Liberal (socially and not politically) democracies fund public education under the assumption that all people benefit from an educated citizenry. Under Sen. Jones' bill the assumption is that those with children pay more of their own way and therefore those not having children could legitimately argue that they should pay less. Singling out larger families to pay more taxes contradicts long standing policies of liberality in our society. Raise taxes on everyone to fund public education since we all benefit, not just struggling young families.

  • Steven S Jarvis Orem, UT
    Feb. 11, 2014 8:25 a.m.

    Carolyn Sharette makes a valid point. Our teachers in Utah too often are provisional and lack adequate training. We also have too many schools that are failing to make adequate progress to get kids on track to function on grade level by the time they graduate. Throwing money at the problem is nice and all, but doing so without identifying the problem results in waste.

    I feel strongly that there are MANY causes to why our kids graduate without mastering basic skills. Here are just a few:

    Lack of quality instruction
    Lack of teacher training/professionalism
    Lack of seat time
    Too much wasted time leading to less instruction

  • beehive801 Salt Lake City, UT
    Feb. 10, 2014 11:05 p.m.

    If you're going to increase taxes by $100 million, Sen. Osmond, why don't you just put it toward increasing the WPU, which is already "equalized"? Put the money where it will make a difference for every single student. Enough with the smoke and mirrors already.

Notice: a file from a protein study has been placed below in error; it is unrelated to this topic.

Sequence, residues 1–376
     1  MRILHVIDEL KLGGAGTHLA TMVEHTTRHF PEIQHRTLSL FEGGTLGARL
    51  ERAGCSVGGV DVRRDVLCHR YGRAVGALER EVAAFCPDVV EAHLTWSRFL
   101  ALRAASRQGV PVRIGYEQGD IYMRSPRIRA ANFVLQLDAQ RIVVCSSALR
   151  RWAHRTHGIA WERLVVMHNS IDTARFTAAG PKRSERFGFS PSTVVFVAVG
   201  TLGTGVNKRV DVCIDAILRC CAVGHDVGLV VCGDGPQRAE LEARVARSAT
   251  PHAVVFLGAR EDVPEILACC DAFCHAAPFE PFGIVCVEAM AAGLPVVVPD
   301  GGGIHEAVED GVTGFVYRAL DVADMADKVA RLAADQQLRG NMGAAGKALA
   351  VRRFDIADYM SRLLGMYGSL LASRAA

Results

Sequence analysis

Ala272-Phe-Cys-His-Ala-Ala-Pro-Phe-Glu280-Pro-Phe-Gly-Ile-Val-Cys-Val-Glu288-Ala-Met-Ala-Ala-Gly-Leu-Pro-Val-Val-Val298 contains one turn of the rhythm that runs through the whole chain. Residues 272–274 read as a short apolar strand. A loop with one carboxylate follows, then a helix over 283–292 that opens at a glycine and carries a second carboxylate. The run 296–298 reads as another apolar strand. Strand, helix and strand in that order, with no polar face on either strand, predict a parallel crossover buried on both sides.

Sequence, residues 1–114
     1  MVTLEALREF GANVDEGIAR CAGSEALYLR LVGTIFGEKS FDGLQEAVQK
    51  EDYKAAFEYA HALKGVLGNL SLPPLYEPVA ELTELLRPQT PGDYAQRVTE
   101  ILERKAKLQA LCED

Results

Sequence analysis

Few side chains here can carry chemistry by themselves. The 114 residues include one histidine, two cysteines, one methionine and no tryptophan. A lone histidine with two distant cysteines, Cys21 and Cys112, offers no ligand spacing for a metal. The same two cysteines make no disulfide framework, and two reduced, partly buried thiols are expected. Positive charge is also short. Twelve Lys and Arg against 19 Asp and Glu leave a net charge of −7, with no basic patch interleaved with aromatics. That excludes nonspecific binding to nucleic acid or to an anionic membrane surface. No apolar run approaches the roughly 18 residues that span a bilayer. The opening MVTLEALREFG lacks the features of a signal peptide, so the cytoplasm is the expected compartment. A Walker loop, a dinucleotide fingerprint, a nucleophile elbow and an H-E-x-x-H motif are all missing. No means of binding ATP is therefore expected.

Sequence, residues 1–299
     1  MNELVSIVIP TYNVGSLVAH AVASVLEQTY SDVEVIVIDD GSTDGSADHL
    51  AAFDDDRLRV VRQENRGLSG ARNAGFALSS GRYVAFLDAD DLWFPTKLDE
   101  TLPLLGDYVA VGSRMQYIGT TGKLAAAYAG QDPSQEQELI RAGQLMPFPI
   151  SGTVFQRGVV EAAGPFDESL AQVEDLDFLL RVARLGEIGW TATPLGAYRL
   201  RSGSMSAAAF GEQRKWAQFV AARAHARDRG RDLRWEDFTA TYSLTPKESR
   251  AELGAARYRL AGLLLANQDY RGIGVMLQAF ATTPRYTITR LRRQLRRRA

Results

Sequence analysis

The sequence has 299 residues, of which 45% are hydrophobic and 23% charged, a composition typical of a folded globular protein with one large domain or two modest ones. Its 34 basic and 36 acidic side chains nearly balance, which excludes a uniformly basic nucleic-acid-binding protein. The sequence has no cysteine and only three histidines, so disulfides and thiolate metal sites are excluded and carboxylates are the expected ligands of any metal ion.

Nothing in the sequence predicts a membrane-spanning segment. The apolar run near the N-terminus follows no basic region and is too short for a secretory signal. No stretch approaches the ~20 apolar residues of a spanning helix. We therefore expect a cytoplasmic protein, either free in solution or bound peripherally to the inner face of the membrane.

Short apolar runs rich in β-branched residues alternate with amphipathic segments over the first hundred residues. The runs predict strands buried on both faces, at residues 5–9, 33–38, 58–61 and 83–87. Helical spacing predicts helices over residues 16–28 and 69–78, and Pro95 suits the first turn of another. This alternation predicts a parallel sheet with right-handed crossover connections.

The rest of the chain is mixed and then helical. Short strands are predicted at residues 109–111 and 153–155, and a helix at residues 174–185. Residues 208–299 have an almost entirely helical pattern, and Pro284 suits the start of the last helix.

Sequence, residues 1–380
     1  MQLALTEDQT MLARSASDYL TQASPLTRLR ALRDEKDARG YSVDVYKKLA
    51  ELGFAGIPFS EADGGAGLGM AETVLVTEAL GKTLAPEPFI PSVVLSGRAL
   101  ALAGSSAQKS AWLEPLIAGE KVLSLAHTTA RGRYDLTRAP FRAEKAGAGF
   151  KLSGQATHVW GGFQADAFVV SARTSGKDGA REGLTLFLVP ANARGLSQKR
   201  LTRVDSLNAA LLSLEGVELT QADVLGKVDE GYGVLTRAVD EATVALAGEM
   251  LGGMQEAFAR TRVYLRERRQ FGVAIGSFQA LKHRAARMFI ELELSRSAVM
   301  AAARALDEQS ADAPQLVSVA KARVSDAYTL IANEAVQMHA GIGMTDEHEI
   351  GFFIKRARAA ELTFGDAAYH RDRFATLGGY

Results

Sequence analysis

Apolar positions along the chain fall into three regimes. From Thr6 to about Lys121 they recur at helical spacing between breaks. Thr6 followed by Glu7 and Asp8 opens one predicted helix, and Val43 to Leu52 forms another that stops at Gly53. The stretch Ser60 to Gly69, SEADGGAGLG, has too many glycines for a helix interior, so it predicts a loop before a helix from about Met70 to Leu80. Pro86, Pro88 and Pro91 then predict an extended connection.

• Carolyn Sharette Sandy, UT
    Feb. 10, 2014 10:58 p.m.

    Money is not the problem in education. It also is not the answer.

    Are there any excellent schools that do an outstanding job on the money they are given? Clearly, yes. This being the case, then the problem with our schools is not a lack of money. It is a lack of the expertise required to implement what those outstanding schools are offering.

    New money will serve to provide yet another distraction from the real problem: the lack of expertise at some schools that has nothing to do with money.

    Money is not the problem with our schools. It also is not the answer to the challenges they face.

  • David Centerville, UT
    Feb. 10, 2014 10:48 p.m.

    I don't like paying taxes anymore than anyone else. But we must fund education in this state.

    So lets get serious. I believe education is top heavy with administrators. We need a more efficient administrative system. We could save money and get it to the classroom and teachers who deserve to be paid more.

    Next, restore the property tax for education only. Stop diverting property tax revenue for transportation. Which legislator(s) own transportation-related businesses?

    After stream-lining and cleaning the flow of money for education, lets see if there is still a shortage. If so, raise more revenue for education.

    But to simply raise taxes "for education" and then not get those dollars to education won't help Utah. Or to raise taxes but spend an inordinate amount for administration won't help either.

    The state is responsible for education. It is the governor and state legislature that must be accountable.

  • worf Mcallen, TX
    Feb. 10, 2014 9:08 p.m.

    Just different ways of stealing from people without being noticed.

  • freedomingood provo, Utah
    Feb. 10, 2014 7:43 p.m.

    That seems fair. If you are going to vote for conservatives then you should pay for things like a conservative.

  • Kings Court Alpine, UT
    Feb. 10, 2014 6:05 p.m.

    The Utah Taxpayers Association ought to just be quiet on the issue. They have lost all credibility over tax policy when they refused to comment on the prison relocation boondoggle. They seem to think it is fine to soak the taxpayer with almost one billion dollars to move the prison so a few developers can make bank, but when it comes to tax fairness, they seem to have an issue with it.